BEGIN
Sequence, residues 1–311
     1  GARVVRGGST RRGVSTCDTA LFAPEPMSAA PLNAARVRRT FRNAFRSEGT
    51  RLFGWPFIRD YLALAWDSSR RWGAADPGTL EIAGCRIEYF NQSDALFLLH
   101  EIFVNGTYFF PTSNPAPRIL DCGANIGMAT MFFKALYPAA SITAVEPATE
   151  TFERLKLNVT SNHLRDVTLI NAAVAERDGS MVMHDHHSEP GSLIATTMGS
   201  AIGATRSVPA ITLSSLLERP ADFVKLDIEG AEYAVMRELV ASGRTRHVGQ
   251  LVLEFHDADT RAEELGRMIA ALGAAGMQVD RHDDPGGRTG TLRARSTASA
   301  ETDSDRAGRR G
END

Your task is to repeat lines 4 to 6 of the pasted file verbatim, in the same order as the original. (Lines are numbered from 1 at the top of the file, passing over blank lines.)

   101  EIFVNGTYFF PTSNPAPRIL DCGANIGMAT MFFKALYPAA SITAVEPATE
   151  TFERLKLNVT SNHLRDVTLI NAAVAERDGS MVMHDHHSEP GSLIATTMGS
   201  AIGATRSVPA ITLSSLLERP ADFVKLDIEG AEYAVMRELV ASGRTRHVGQ